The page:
About the Work of Art:

David F. Barry (1854–1934)
Sitting Bull, ca. 1886
Collodion-chloride print
Amon Carter Museum, Fort Worth, Texas
P1967.466

 

David F. Barry (1854–1934),Sitting Bull, ca. 1886, collodion-chloride print, Amon Carter Museum, Fort Worth, Texas, P1967.466


 

 

 

 

Photographed outdoors in natural light, Sitting Bull (1834–1890), the famous Sioux medicine man, appears in a formal, oval-framed portrait format. Barry presented many of his important subjects in this fashion. Photographers needed strong sunlight to take photographs and often used canvas backdrops to block out ambient distractions. Sometimes the canvas backdrop had a painted scene.

Many Native Americans believed that photographic likeness diminished their spirit, and they avoided having their photograph taken. Others liked photographic portraits. Sitting Bull realized the power of photographs and was willing to have Barry record his confident likeness for posterity.

Sitting Bull wears everyday clothing. This image was probably taken in the spring, so the light cotton shirt was appropriate. Sioux wore their hair in different styles: two braids with a center part were common for both men and women. Braids were wrapped with otter fur, trade cloth, or narrow quill bands and were sometimes lengthened with added strands of human or horse hair. Feathers represented tokens of a significant event or commemorated a heroic act or deed of great courage.

The photograph dates from around 1886. It may have been taken at a reunion ten years after the Battle of the Little Bighorn, the 1876 conflict on the Little Bighorn River in southeast Montana when Sioux and Cheyenne forces defeated Lieutenant Colonel George Custer. Barry recorded his thoughts about the chief in his diaries:

Sitting Bull was a peculiar Indian, very religious and a wise counselor. He believed in medicine and no doubt at the Custer Battle thought he could do more to defeat the soldiers by making medicine than he could by actual fighting. He always had the interests of the people at heart and wanted to protect them. Personally his word was gold.

As a boy, Sitting Bull was called Hunkesni (“slow”) but proved himself a hunter and warrior, killing his first buffalo at age ten and counting his first coup, in battle against a Crow, at fourteen. During that same period, he completed his vision quest. He was soon accepted into the Strong Hearts, a warrior society of which he became leader when he was twenty-two years old. Sitting Bull also gained a reputation among his people for his medicine.

When gold was discovered in the Sioux’s sacred Black Hills, white prospectors violated the U.S. Treaty of 1868 to seek their fortunes. Native retaliation resulted in battles at Rosebud Creek and the Little Bighorn River in 1876. Refusing reservation life, Sitting Bull escaped to Canada after the Battle of Little Bighorn, but he and his band of about 200 faced starvation during a harsh winter and returned south to the United States. They arrived at Fort Buford, Dakota Territory, in July 1881. Instead of sending him to the Hunkpapa Agency at Standing Rock, the government again broke its promise to pardon him and sent him to Fort Randall (in what is now South Dakota) as a military prisoner for two years. In an interview Sitting Bull said:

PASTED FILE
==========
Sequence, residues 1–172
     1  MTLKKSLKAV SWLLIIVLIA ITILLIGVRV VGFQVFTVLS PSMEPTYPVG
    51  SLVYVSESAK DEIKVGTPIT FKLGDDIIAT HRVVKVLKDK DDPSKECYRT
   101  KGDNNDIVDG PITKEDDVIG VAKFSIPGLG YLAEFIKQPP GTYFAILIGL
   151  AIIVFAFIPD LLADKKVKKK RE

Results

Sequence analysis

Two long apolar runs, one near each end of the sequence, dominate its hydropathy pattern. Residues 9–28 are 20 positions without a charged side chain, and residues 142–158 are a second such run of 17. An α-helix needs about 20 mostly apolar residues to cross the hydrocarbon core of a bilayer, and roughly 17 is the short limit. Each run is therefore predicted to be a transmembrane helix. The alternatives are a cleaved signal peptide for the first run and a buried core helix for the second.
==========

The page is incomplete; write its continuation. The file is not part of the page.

If the Great Father gives me a reservation I do not want to be confined to any part of it. I want no restraint. I will keep on the reservation, but I want to go where I please. I don’t want a white man over me. I don’t want an agent. I will keep the white man with me, but not as my chief. I ask this because I want to do right by my people. I cannot trust anyone else to trade with them or talk to them.

Even though the Indian agent who controlled his existence periodically farmed him out to public events, such as the Buffalo Bill’s Wild West Show, Sitting Bull would not accommodate white culture and was defiant to the end. Continued problems adapting to reservation life and growing resentment by Native Americans led to increased U.S. military presence in Dakota Territory. On the morning of December 15, 1890, U.S. military and Indian police killed Sitting Bull outside his cabin on the Grand River. Shortly thereafter, the military contained the Sioux Nation at Pine Ridge Reservation, as a reaction to a religious movement that became known as the Ghost Dance. This resulted in the subsequent massacre of more than 300 native people at Wounded Knee Creek, South Dakota, on December 29, 1890.

 

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